Assistance • Locations • Workforce • Incentives
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What is Workforce Exchange?
Not to be confused with Work-Share, Workforce Exchange is a matching service where employers with urgent staffing needs are matched with employers that have workers temporarily available.
Employer A: has employees that need to be temporarily laid off
- Benefits of the program for Employer A
- Keep your employees working and earning during the crisis so they are able to meet their bills and survive.
- Your employees remain with you and are available to return to your work schedule when you need them back.
Employer B: needs workers temporarily
- Benefits of the program for Employer B
- gets a supply of needed workers when they are needed most
How does it work?
Through a very simple contract!
Company A retains their employees by leasing them to Company B, who pays all the labor costs. Company A keeps their workers employed and has access to them when they need them to return to work.
Contact us for more information!
The Paycheck Protection Program is a loan designed to provide a direct incentive for small businesses to keep their workers on the payroll.
SBA will forgive loans if all employees are kept on the payroll for eight weeks and the money is used for payroll, rent, mortgage interest, or utilities.
Here are a few key points of the program, but be sure to familiarize yourself with the PPP Borrowers Fact Sheet for all the details.
The loan amounts will be forgiven as long as:
- The loan proceeds are used to cover payroll costs, and most mortgage interest, rent, and utility costs over the eight-week period after the loan is made; and
- Employee and compensation levels are maintained.
How much of my loan will be forgiven?
- You will owe money when your loan is due if you use the loan amount for anything other than payroll costs, mortgage interest, rent, and utilities payments over the 8 weeks after getting the loan; and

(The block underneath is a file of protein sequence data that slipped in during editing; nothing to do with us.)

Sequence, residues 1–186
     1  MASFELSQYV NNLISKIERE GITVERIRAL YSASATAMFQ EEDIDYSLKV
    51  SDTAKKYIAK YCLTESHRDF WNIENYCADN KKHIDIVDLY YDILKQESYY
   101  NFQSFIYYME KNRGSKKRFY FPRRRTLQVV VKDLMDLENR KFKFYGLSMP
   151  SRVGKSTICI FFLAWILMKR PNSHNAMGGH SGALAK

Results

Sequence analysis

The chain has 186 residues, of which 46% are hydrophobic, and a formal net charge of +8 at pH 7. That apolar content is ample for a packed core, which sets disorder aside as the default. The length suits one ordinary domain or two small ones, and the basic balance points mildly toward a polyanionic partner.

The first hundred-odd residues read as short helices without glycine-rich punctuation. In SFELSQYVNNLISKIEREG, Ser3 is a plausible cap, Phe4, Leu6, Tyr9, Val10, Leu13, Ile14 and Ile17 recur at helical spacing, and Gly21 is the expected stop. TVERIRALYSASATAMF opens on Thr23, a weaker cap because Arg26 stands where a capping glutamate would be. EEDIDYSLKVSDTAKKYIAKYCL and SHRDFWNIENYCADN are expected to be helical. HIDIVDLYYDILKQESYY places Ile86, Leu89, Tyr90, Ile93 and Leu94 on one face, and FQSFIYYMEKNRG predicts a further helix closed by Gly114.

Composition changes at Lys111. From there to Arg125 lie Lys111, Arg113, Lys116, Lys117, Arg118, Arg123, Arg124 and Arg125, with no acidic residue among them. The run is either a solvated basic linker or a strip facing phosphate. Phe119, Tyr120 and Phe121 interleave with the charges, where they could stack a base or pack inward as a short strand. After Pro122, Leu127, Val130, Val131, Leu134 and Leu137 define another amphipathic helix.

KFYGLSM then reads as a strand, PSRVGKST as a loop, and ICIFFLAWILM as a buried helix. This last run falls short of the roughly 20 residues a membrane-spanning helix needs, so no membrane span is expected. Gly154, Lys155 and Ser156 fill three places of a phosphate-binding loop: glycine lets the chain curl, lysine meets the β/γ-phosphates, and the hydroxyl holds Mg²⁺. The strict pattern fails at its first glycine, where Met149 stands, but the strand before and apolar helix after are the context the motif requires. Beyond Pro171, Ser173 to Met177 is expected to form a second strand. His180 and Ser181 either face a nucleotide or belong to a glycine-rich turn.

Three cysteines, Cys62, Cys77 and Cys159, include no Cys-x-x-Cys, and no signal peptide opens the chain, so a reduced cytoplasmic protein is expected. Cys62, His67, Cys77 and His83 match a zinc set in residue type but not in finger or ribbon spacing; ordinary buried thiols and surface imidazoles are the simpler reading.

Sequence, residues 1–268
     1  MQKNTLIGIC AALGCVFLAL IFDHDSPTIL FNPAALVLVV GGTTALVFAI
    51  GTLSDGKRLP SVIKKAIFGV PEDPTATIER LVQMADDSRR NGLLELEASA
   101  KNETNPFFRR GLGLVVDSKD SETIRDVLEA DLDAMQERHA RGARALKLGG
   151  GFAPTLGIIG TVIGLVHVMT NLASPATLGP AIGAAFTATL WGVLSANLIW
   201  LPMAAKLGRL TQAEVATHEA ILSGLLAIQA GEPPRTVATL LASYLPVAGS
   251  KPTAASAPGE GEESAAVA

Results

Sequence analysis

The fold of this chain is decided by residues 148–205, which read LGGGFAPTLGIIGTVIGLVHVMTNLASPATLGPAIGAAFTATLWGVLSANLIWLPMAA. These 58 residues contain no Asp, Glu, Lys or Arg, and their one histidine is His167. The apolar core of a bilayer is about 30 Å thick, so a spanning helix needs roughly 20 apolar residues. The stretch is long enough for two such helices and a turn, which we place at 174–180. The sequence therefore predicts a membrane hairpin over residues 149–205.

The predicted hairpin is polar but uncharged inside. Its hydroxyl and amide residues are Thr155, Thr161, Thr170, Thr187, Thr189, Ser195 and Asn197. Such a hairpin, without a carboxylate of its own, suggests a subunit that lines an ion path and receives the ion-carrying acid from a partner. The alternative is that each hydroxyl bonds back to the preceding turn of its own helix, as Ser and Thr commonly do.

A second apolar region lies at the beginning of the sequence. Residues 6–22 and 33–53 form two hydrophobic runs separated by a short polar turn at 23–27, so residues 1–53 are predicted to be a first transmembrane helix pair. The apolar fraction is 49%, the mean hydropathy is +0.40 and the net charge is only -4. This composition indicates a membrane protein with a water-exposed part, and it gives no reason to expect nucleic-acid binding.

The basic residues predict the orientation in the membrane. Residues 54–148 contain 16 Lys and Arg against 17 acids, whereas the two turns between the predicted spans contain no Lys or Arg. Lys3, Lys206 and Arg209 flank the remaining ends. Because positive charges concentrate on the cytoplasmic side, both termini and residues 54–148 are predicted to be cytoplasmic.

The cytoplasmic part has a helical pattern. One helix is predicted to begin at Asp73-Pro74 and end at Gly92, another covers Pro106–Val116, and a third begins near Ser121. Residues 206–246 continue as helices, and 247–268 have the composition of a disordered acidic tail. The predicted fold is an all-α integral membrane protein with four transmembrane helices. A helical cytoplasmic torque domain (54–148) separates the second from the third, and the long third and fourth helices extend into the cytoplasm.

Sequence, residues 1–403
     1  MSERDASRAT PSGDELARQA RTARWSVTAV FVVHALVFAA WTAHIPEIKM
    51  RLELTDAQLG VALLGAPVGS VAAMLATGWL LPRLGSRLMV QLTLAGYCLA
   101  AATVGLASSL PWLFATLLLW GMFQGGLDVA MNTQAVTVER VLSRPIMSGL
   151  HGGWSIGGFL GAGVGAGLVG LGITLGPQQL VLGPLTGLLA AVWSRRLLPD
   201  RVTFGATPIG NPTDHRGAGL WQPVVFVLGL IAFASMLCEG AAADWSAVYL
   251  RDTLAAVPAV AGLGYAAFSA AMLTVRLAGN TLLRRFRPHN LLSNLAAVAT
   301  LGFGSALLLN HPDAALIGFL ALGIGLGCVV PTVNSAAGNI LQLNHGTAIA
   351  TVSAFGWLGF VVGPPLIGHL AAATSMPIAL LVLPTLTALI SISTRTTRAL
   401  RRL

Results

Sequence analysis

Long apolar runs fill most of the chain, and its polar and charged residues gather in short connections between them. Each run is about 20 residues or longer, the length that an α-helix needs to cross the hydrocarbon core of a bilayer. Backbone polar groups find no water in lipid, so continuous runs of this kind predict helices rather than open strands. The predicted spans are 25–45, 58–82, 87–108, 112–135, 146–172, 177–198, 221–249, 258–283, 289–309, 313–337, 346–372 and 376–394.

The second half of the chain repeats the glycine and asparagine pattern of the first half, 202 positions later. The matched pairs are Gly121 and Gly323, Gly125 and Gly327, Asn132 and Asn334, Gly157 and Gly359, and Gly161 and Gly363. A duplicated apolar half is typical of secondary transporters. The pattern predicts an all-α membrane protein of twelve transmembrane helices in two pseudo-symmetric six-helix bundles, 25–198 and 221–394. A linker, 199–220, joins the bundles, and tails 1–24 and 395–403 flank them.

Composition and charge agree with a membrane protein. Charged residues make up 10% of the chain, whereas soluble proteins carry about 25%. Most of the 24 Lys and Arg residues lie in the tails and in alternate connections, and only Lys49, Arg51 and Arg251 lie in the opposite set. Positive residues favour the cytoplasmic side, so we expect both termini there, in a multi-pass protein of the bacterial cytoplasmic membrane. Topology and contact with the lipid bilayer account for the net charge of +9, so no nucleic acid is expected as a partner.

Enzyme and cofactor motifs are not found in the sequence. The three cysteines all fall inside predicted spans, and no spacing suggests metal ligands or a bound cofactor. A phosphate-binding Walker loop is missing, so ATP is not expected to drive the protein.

- Due to likely high subscription, it is anticipated that not more than 25% of the forgiven amount may be for non-payroll costs.
All payments are deferred for 6 months; however, interest will continue to accrue over this period, and the loan will come due in two years.
When can I apply?
- Starting April 3, 2020, small businesses and sole proprietorships can apply for and receive loans to cover their payroll and other certain expenses through existing SBA lenders.
- Starting April 10, 2020, independent contractors and self-employed individuals can apply for and receive loans to cover their payroll and other certain expenses through existing SBA lenders.
- Other regulated lenders will be available to make these loans as soon as they are approved and enrolled in the program.
How can I apply?
You will need to complete the Paycheck Protection Program loan application and submit the application with the required documentation to an approved lender that is available to process your application by June 30, 2020.
- Contact your bank
- Contact the SBA at 800-659-2955 or email@example.com
- Contact WCEDA for direction at firstname.lastname@example.org
Find the full details of this program by clicking on the following links.
The Coronavirus Aid, Relief, and Economic Security (CARES) Act expands the Small Business Administration’s long-standing Economic Injury Disaster Loan Program (EIDL).
The EIDL program was created to assist businesses, renters, and homeowners located in regions affected by declared disasters.
- The maximum EIDL is a $2 million working capital loan at a rate of 3.75% for businesses and 2.75% for non-profits with up to a 30-year term, payments on Coronavirus EIDL loans are deferred for one year
- No collateral is required for loans of $25,000 or less.
Click below for the full details.
The law called the Families First Coronavirus Response Act was created to help American workers and employers get through temporary financial hardships and economic downturn during the virus outbreak. A few key points are as follows, but be sure to click on the link below for the full Act.
- The Department of Labor’s (Department) Wage and Hour Division (WHD) administers and enforces the new law’s paid leave requirements.
- The law prevents an employer from requiring an employee to immediately use personal, vacation, or sick time if they do not go into work due to COVID-19 concerns. Those concerns include feeling ill due to possible exposure to the virus or caring for someone who may have been exposed.
- Under the new law employees are entitled to 80 hours of sick leave pay if they have to care for someone who has been diagnosed with COVID-19 or if they have been.
- Small businesses with fewer than 50 employees may qualify for exemption from the requirement to provide leave due to school closings or child care unavailability if the leave requirements would jeopardize the viability of the business as a going concern.
- The expanded family and medical leave provisions of the FFCRA apply to certain public employers, and private employers with fewer than 500 employees.
US Dept. of Labor, Families First Coronavirus Response Act: Employee Expanded Family and Medical Leave Rights
News Channel 3, Michigan. “What an employment lawyer says you need to know about sick pay during COVID-19 pandemic” March 22, 2020
As a result of Governor Evers Emergency order, during the declared emergency you do not need to contact the department to request a change to your employee’s work search requirements. The Department is in the process of making the necessary updates. No action is needed on your part regarding the work search.